Here's why Sandy helps Obama
Chris Christie has been all over the morning TV shows and Twitter, making life more difficult for fellow Republican Mitt Romney. Here's a straight-talk mash-up from the New Jersey governor:
"It’s been very good working with the president. He and his administration have been coordinating with us. It’s been wonderful....The president has been all over this (storm), and he deserves great credit....I think we'll get significant federal assistance on this, and the major disaster declaration last night by the president is incredibly helpful in that regard. We'll work with our federal partners on this....I want to thank the President personally for all his assistance....The president has been outstanding in this....He has been incredibly supportive and helpful to our state, and not once did he bring up the election."
Obama didn't have to bring up the election. His performance, as point man in the federal disaster response, may well be the best electioneering he does all week.
No president asks for a domestic crisis like the current one. But a president who skillfully handles this kind of crisis is well positioned to benefit politically. That's one big perk of incumbency - particularly with an election just one week away.
Republicans know it, too. Even John McCain, taking a rare break from his grumpy-old-man assaults on Obama, acknowledged on a Sunday TV show that Sandy could aid the president politically: "The American people look to him, and I'm sure he will conduct himself and play his leadership role in a fine fashion. So I would imagine that might help him a little bit."
Granted, it's unpleasant to talk politics at a time when millions of people have been driven from their homes, when premature babies have been evacuated in the dead of night from hospitals in lower Manhattan. But the election is still slated for Tuesday, and some voters are still weighing the competence of the two candidates. And in the midst of a weather crisis, it's far more advantageous to be the guy in charge, performing well, soaking up the media attention - as opposed to the challenger, who by definition is relegated to the sidelines. Not even Romney's deep-pocket super-PAC pals can help him make up the difference.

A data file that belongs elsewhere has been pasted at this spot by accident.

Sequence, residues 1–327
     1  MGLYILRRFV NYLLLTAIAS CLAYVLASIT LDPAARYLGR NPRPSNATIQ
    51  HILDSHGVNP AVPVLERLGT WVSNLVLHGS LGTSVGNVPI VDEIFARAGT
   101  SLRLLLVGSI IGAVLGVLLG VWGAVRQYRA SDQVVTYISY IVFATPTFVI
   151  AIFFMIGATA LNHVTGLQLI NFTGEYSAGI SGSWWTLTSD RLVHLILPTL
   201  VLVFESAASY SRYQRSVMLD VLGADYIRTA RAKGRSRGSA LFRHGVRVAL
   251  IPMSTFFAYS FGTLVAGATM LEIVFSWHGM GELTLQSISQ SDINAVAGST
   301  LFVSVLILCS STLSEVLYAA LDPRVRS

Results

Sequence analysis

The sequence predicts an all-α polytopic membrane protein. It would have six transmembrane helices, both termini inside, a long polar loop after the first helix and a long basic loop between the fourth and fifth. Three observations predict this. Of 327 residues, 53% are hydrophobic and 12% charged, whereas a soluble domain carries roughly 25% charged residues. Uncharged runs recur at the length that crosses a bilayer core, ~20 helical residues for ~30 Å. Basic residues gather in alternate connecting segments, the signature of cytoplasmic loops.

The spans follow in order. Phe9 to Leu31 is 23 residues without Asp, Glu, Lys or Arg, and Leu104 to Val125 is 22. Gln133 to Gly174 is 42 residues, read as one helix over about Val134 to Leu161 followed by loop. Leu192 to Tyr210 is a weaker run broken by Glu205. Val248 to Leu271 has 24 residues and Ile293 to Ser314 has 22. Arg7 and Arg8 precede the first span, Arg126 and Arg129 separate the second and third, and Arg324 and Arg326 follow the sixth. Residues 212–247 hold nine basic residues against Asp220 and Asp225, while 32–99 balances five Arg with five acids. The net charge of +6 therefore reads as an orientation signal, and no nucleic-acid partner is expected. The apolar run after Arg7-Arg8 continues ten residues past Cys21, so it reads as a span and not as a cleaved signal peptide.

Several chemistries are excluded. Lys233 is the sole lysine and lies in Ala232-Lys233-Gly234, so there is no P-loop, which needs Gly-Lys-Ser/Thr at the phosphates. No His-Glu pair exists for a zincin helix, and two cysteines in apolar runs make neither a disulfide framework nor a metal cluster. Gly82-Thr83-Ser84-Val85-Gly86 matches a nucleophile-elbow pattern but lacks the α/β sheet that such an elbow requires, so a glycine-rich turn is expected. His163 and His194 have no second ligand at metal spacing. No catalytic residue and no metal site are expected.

Ask yourself whose position sounds better: (a) Romney, who is urging people to give to the Red Cross, while his flaks keep insisting that, no, Mitt doesn't really want to decimate FEMA, despite what he suggested in a June 2011 debate, no, he just thinks the states should shoulder more of the disaster relief cost and burden.
Or, (b) Obama, who was at a White House podium eight hours before Sandy made landfall, announcing that "we have pre-positioned assets so that FEMA personnel are working closely with state and local governments" and "the assets are pre-positioned for an effective response" and "we've gotten pre-positioned all the resources that we need" and, in times like this, we Americans "set aside whatever issues we may have otherwise to make sure that we respond appropriately and with swiftness."
I'm not contending that Obama's Sandy performance will bring him millions of new voters. But, on the margin, he could easily benefit simply by managing the crisis. A lot of people at this point are sick of the campaign politicking. His decision to stay off the campaign trail could be the best politicking of all.
Indeed, it's a perfect opportunity to remind voters of the positive values of good governance - and he has the "assets" to do that. Obama has rebuilt FEMA from the wreckage that President Bush dumped in his lap. During the farcical federal response to Hurricane Katrina back in 2005, FEMA was helmed by Michael "Heckuva job, Brownie" Brown, who was tapped by Bush for the job on the basis of his extensive disaster relief work at the International Arabian Horse Association. (How fortunate for Bush that Katrina happened in August '05 rather than August '04, when he was up for re-election.) By contrast, Obama in 2009 tapped Craig Fugate to head FEMA. Fugate earned his creds in Florida, successfully managing the state's disaster relief apparatus for his boss, Gov. Jeb Bush. Fugate is still running FEMA, pre-positioning Obama's assets.
So when Obama went on TV yesterday and said, "I'm not worried at this point about (Sandy's) impact on the election," and "the election will take care of itself," he wasn't spinning. He didn't have to. Chris Christie's fulsome remarks trump anything that Obama can say about himself on the stump. Right now, performing in presidential mode is Obama's best ticket to election day.
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